Since $k$ is a field, the ring of polynomials $k[x]$ will be a PID, and hence we can describe what the prime ideals of $k[x,y]\cong k[x][y]$ will be as is explained in the linked post. Now, given any commutative ring $R$ and some ideal $I$ of it, the quotient $R/I$ will be a flat $R$-module if $I^2=I$ (to see this, tensor the exact sequence $0\to I\to R$). If moreover we assume that $I$ is finitely generated, we get that $I=(e)$ where $e$ is an idempotent of $R$. Consider $k[x,y]/(x-y)$ as an $k[x,y]-$module.

It is clear that $x-y$ is irreducible as a polynomial over $k[x]$ in $y$, hence it is prime.

How would we go about showing that $V((x-y))$ is clopen (or not) in $\text{Spec} \ k[x,y]$?

The algebraic variety is the diagonal of $k^2$, but I do not know if this tells us anything about the structure in the spectrum.

I apologize in advance if the question has been asked or if I'm not understanding the definitions properly, I've started learning about these things recently and am still a little confused about everything.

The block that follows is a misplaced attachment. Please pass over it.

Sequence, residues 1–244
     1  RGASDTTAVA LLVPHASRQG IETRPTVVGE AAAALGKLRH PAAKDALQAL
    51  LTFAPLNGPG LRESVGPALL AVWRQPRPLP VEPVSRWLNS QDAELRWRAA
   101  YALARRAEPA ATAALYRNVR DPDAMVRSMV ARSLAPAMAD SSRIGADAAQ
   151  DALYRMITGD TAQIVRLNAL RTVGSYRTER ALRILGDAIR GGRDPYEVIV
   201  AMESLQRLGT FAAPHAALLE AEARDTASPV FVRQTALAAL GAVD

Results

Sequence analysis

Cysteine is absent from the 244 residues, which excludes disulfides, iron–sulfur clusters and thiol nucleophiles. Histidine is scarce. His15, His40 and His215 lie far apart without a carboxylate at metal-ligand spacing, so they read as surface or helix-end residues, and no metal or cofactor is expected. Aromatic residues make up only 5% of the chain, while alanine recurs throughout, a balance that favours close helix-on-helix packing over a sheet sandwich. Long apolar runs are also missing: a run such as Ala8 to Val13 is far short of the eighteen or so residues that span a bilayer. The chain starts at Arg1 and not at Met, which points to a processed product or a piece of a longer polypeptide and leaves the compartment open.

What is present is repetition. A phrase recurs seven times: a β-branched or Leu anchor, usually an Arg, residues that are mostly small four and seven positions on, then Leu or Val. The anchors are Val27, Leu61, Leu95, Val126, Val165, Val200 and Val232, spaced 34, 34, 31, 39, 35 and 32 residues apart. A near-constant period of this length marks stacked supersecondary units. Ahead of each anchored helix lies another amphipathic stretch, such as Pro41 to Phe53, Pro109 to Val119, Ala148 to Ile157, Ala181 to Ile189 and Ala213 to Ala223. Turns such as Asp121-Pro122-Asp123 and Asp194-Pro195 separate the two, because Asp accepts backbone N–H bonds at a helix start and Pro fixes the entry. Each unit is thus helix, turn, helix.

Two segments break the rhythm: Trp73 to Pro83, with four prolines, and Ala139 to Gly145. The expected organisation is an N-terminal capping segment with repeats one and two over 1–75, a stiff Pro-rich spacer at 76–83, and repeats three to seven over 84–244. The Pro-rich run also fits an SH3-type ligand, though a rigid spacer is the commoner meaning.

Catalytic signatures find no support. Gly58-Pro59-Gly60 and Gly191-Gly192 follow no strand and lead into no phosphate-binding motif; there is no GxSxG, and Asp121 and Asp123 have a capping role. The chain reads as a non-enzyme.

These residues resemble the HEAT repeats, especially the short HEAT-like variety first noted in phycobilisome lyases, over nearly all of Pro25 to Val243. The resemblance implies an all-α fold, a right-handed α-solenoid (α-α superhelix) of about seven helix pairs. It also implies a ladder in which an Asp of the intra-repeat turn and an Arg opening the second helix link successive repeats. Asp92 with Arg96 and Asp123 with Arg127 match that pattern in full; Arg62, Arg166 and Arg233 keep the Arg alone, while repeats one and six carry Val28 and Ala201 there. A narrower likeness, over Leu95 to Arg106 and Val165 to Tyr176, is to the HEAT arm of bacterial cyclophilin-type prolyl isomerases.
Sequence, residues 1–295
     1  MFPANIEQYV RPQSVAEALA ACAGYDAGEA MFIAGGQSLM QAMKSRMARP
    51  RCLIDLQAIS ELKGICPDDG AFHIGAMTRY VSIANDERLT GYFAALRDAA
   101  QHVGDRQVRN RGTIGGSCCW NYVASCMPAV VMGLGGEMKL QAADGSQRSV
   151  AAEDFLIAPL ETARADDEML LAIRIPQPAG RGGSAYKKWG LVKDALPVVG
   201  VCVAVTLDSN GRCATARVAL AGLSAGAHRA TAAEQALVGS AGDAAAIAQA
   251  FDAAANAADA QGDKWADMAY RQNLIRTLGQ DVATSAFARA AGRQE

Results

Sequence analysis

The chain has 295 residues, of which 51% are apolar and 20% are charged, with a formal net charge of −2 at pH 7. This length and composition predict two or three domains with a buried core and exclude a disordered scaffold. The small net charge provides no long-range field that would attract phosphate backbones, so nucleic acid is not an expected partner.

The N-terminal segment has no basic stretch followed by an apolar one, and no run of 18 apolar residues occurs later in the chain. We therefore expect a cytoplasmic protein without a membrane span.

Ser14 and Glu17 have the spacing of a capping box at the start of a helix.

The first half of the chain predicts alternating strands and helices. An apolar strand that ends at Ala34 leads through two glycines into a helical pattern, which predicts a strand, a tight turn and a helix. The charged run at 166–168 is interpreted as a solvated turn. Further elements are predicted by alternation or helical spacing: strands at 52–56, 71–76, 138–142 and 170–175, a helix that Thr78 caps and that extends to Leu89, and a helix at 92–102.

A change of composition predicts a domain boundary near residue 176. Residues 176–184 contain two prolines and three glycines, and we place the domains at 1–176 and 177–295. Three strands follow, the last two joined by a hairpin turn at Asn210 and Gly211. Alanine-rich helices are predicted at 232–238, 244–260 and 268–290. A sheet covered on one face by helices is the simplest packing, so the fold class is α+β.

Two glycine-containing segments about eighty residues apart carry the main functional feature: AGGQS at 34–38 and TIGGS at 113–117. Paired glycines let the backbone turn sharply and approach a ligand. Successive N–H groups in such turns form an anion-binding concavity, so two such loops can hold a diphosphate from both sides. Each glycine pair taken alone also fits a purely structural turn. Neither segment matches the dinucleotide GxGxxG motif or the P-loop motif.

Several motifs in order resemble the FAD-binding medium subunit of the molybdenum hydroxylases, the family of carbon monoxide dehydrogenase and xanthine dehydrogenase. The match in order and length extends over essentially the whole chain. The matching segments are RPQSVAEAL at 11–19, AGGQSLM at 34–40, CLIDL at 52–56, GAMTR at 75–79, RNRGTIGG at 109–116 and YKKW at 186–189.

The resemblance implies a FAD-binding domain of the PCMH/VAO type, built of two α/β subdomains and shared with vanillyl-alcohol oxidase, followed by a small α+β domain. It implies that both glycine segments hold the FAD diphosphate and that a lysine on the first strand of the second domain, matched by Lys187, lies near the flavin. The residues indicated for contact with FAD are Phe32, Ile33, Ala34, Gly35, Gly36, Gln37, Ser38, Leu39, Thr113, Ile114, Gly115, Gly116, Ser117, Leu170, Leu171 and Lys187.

I appreciate any answer!

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    Why do you think that $V((x-y))$ is open? (the set of all primes ideals containing $(x-y)$) – reuns Apr 09 '22 at 13:27
  • I don't think it's true that $I^2=I$ is enough for $R/I$ to be flat, and I don't understand what relation this has with $V((x-y))$. – Sergey Guminov Apr 09 '22 at 13:47
  • @reuns I don't know if $V((x-y))$ is open. I thought that looking at that set would tell me something about the ideal $(x-y)$ (so that, if it turns out that the set isn't clopen, the ideal isn't idempotent.) It would probably be much easier to check if $(x-y)^2=(x-y)$ directly, but I wanted some intuition. – kefirofil Apr 09 '22 at 14:56
  • @SergeyGuminov It is necessary, right? (from the exact sequence). And if it is idempotent, then $V(I)$ should be clopen in $\text{Spec} R$. (the second link). – kefirofil Apr 09 '22 at 14:57
  • @kefirofil. It is necessary, but I still do not see how this is relevant, since $(x-y)^2\neq (x-y)$. – Sergey Guminov Apr 09 '22 at 15:08
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    If $\operatorname{Spec} A$ has any nontrivial clopen sets, then $A$ has a nontrivial idempotent as shown in the linked duplicate. But $k[x,y]$ is a domain and therefore the only idempotents are $0$ and $1$. – KReiser Apr 09 '22 at 17:46

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